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  • Series: Research Handbooks in International Law series x
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Edited by James A.R. Nafziger and Stephen F. Ross

This Handbook presents a comprehensive collection of essays by leading scholars and practitioners in the burgeoning field of international sports law.
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Edited by Malgosia Fitzmaurice, David M. Ong and Panos Merkouris

This wide-ranging and comprehensive Handbook examines recent developments in international environmental law (IEL) and the crossover effects of this expansion on other areas of international law, such as trade law and the law of the sea.
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Edited by Geraint Howells, Iain Ramsay, Thomas Wihelmsson and David Kraft

Consumer law and policy has emerged in the last half-century as a major policy concern for all nations. This Handbook of original contributions provides an international and comparative analysis of central issues in consumer law and policy in developed and developing economies.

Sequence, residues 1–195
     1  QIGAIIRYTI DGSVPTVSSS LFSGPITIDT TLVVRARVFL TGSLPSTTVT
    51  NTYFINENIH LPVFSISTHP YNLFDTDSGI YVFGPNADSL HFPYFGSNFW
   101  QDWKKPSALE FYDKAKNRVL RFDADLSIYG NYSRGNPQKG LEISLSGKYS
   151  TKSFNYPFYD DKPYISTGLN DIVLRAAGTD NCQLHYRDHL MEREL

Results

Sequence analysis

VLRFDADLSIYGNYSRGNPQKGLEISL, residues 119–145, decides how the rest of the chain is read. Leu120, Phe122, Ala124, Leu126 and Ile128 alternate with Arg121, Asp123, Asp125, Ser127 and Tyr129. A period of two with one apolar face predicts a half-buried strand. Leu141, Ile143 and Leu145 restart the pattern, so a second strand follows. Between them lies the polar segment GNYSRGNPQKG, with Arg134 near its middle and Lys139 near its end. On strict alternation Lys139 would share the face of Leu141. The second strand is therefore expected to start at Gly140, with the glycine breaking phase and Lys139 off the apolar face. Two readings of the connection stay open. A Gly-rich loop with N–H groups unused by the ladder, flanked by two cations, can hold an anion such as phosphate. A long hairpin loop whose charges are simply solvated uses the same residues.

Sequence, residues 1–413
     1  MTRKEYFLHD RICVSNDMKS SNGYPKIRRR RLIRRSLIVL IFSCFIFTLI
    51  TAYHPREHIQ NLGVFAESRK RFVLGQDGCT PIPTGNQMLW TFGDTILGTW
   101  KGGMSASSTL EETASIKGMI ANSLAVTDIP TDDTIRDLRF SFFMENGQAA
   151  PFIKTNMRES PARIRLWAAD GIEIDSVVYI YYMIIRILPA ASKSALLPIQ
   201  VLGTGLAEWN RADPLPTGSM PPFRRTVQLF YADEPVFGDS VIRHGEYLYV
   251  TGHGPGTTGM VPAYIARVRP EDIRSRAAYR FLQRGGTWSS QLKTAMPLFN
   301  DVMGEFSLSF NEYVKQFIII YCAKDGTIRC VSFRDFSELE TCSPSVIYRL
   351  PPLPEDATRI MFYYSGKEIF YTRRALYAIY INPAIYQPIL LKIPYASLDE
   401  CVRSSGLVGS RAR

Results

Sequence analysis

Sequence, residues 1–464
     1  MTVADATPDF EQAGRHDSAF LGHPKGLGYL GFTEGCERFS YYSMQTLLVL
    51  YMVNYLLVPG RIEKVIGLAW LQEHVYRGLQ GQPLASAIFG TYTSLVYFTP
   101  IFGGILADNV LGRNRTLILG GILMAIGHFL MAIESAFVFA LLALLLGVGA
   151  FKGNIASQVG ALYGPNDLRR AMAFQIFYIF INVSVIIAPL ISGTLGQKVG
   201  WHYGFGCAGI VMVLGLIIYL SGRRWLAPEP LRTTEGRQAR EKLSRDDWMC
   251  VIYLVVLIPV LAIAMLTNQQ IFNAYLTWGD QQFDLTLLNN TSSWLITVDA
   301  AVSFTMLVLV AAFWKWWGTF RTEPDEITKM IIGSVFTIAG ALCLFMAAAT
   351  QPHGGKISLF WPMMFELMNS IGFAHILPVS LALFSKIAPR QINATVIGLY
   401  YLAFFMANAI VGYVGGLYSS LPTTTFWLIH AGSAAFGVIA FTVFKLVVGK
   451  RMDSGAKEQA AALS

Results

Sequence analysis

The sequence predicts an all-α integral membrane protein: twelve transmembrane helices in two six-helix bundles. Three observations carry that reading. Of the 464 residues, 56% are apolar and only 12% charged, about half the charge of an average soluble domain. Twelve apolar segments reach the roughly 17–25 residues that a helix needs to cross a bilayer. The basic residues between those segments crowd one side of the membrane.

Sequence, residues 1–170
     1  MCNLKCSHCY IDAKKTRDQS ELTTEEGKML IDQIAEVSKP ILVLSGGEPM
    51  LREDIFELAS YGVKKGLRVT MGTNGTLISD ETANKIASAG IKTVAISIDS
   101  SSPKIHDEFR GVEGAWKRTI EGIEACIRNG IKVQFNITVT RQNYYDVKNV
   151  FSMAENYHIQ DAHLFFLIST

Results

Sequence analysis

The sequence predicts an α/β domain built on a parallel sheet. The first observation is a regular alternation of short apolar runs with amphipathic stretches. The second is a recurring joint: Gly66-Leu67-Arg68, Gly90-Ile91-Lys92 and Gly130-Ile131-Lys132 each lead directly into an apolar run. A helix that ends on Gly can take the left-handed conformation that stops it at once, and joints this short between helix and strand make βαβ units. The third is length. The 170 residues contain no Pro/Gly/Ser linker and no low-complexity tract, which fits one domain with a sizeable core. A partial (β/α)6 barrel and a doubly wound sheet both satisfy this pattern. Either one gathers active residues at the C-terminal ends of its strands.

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Edited by Jan Klabbers and Åsa Wallendahl

This pioneering Research Handbook with contributions from renowned experts, provides an overview of the general doctrines making up the law of international organizations.
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Edited by Susan C. Breau and Katja L.H. Samuel

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Edited by Susan C. Breau and Katja L.H. Samuel

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Edited by Susan C. Breau and Katja L.H. Samuel

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Edited by Susan C. Breau and Katja L.H. Samuel

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Susan C. Breau and Katja L. H. Samuel

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Christopher Newdick

One of law’s central concerns is equality of rights, yet law is conspicuous by its absence from the debate about global inequality. Extraordinary numbers of people have inadequate access to the basic necessities of life: food, water, education, health and a decent environment. For billions of people, this is a disaster. At a time of unparalleled global affluence, when the need for sharing global wealth and opportunity is more important than ever, the gap between rich and poor is expanding. How should we explain this process? This chapter considers Karl Polanyi’s contribution to our understanding of social rights and the ways in which public interests evolved during the last century. The discussion examines how subsequent norms of global capitalism have encouraged private interests to undermine collective welfare and the consequences of the law’s failure to engage itself with the problem.